Pitch: You can benefit in unexpected ways if you know the tax codes that pertain to your property, as well as predict when the IRS might take a closer look based on how these codes affect what you own. Tax codes for vehicles, structures, even clean energy solutions for the home, can be a great revenue booster, but without the right knowledge, they can also be a huge hurdle. Find out which will help and what can hurt.
When it comes to property law, most of us are fumbling around in the dark, completely clueless. Some things we know, but most of it might as well be written in ancient Greek. And the only thing that can rival this knowledge gap is the addition of property tax codes. If trying to understand the legalese was giving you a headache, prepare to welcome a full-blown migraine if you are trying to decipher how the IRS can get involved.
There is some good news, though. Real estate attorneys are required to have tax codes in their toolkit so they can cover all the bases for their clients. They know what helps, what doesn’t, and how to keep the taxman at bay if something gets overlooked by the property owner. The excuse of “I didn’t know” doesn’t fly with the IRS, but, having a lawyer who can hold them off while everything gets sorted is invaluable.
Property tax is nothing more than a simple equation, the sum of which you as the homeowner must pay each year. Some mortgage companies factor your property taxes into your payments, but some leave that up to the owner, and because this is a yearly bill, it is often forgotten. This is when a property audit often occurs, and no one wants to see that letter in the mail.
How to calculate property tax is:
The Assessed Value of your home and land X the current tax rate
Your home may lose value with time, and the tax rate fluctuates from year to year, but in the end, the payment is pretty close to the same. The biggest changes happen when real estate values skyrocket. Your tax payment will reflect the inflation and you will have to shell out more for these fees than ever. That is why people are more inclined to sell their homes instead.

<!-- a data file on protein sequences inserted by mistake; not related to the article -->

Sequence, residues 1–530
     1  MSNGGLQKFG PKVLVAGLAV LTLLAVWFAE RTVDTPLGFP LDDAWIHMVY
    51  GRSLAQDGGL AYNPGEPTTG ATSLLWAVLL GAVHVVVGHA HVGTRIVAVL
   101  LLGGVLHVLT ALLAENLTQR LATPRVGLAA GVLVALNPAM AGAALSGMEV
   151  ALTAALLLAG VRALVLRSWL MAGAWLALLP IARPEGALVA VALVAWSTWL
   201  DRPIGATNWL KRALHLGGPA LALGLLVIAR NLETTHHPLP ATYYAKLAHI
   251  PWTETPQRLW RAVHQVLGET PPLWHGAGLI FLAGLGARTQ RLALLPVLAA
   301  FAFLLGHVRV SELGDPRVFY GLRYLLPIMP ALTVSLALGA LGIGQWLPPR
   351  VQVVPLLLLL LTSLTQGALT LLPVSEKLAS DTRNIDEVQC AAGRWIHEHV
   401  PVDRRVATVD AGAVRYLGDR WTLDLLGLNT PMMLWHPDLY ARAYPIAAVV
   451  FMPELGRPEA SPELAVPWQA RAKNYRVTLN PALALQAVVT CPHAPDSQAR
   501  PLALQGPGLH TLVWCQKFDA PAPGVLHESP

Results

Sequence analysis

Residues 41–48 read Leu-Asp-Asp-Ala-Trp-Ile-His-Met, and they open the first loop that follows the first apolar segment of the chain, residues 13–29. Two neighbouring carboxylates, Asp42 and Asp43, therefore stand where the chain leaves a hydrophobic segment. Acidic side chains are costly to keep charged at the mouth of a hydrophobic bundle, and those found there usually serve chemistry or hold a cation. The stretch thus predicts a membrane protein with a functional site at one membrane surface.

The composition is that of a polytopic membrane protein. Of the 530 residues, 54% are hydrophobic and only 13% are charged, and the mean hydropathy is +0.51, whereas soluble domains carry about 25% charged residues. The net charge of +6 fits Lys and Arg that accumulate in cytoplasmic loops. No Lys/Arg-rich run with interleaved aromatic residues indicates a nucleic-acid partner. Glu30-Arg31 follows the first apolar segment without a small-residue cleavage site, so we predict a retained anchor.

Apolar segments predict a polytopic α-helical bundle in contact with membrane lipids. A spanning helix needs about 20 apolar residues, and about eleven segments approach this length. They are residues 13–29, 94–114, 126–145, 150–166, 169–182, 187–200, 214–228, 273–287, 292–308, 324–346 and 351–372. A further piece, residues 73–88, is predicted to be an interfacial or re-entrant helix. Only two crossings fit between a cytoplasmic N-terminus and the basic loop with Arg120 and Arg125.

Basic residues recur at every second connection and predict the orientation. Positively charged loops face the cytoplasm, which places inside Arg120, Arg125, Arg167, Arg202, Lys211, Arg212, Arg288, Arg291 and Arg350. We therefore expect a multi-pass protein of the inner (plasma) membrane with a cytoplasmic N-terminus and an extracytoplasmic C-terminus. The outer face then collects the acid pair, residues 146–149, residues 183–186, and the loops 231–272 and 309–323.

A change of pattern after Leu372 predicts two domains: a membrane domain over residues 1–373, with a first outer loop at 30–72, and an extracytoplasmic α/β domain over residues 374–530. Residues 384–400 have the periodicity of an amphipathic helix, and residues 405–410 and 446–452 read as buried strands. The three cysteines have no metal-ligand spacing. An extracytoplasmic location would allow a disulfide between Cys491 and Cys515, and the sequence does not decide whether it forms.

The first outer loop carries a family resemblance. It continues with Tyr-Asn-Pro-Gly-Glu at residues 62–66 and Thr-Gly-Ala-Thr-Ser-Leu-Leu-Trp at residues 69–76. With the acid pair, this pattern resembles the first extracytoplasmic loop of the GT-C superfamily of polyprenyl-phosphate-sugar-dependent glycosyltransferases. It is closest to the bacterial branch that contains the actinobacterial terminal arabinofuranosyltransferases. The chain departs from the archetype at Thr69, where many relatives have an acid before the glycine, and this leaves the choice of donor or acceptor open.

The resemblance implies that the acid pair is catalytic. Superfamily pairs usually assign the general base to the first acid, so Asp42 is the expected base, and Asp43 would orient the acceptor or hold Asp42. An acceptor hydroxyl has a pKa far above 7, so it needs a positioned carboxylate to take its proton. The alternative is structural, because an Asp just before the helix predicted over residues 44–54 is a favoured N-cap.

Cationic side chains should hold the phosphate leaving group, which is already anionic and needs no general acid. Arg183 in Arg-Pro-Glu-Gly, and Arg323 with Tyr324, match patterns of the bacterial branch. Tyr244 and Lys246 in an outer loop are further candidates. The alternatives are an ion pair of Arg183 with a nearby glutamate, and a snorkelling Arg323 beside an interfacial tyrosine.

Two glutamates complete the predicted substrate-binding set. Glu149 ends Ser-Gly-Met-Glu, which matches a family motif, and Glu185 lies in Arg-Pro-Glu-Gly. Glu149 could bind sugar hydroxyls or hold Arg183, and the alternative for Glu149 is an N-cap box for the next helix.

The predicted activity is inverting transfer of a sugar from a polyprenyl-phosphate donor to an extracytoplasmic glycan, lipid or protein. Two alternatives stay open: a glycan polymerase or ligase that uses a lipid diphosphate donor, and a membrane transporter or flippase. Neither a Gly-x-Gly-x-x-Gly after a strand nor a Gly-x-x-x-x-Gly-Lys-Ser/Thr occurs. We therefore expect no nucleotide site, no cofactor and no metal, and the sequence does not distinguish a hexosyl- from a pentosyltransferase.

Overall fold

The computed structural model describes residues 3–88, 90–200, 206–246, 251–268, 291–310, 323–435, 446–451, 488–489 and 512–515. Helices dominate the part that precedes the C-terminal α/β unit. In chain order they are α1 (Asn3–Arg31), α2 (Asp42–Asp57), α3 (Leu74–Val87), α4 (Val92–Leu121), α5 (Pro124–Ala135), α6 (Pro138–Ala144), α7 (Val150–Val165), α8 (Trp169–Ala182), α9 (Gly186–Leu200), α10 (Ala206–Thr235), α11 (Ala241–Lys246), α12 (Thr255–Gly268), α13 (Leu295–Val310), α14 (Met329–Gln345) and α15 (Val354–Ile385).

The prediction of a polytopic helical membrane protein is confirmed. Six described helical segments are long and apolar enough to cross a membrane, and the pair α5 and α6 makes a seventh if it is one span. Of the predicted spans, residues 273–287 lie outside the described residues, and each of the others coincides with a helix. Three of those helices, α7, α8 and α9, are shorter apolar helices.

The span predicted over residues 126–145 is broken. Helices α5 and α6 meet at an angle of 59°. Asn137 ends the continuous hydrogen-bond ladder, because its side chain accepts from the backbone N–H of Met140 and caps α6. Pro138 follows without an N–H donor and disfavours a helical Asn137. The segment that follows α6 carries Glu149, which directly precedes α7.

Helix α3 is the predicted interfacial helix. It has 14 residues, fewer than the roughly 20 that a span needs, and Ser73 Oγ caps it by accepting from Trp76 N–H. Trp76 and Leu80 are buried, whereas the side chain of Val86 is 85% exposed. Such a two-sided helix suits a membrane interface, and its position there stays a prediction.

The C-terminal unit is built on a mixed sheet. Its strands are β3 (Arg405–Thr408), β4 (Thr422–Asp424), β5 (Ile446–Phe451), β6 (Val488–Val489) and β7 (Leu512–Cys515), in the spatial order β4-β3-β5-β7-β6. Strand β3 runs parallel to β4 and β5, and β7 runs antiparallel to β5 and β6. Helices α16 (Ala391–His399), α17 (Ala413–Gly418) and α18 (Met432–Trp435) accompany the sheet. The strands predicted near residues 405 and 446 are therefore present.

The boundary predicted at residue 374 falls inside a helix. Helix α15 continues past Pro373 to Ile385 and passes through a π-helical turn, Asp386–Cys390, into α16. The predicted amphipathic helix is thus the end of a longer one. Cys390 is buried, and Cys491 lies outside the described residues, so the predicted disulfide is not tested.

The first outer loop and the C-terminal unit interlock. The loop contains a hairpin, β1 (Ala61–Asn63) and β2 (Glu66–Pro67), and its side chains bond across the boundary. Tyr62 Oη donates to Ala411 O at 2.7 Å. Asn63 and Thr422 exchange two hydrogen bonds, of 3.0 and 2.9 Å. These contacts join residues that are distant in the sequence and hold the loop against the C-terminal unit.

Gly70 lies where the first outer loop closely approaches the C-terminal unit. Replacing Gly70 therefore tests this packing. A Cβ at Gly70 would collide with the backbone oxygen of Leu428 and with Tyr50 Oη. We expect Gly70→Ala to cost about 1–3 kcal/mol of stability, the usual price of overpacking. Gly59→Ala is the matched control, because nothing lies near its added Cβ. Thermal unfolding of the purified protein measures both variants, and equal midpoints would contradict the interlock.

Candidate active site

You might be thinking that property taxes are just another way for a greedy government to line its coffers. The truth is, while yes the money does go to local and state entities, it is more commonly used to repair roads, fix traffic signals, and build schools and parks. City services like libraries and community centers are largely funded by a mixture of property taxes and yearly income tax payments.
How The Codes Can Help
There are a few ways that tax codes for real estate can benefit you as a homeowner. For instance, if you are in a low-income bracket the code for your area can potentially give you a benefit that will lower your overall financial obligation. This varies from state to state and can even vary based on your city or county, so looking into it is a wise decision. Although it is likely your real estate attorney already has.
IF you are a veteran, a senior, or homesteading you can qualify for a tax exemption. This code takes all your tax obligations and throws them away, allowing you to retain more of your pension, social security payments, or even disability. The options for seniors and veterans are well defined and rarely contested in any court.
The last upside to property tax code law is the supplemental check-in. This only helps you if you paid less for the house than the previous owner. The difference can be enormous when it comes to property taxes as well as assessment of the home valuation. Buying when the market is slumping is tricky and most homeowners are waiting for the next crest, but some will unload their homes on the cheap to initiate a planned relocation. This is the time to pounce.
Before you try to muddle through the ins and outs of property tax codes and lose your will to go on, call a real estate attorney and ask them all the questions necessary to understand the information. They have this wealth of knowledge ready to go and can reply to any query with minimal thought. A lawyer who knows the answer before you ask the question is the lawyer you need in your corner.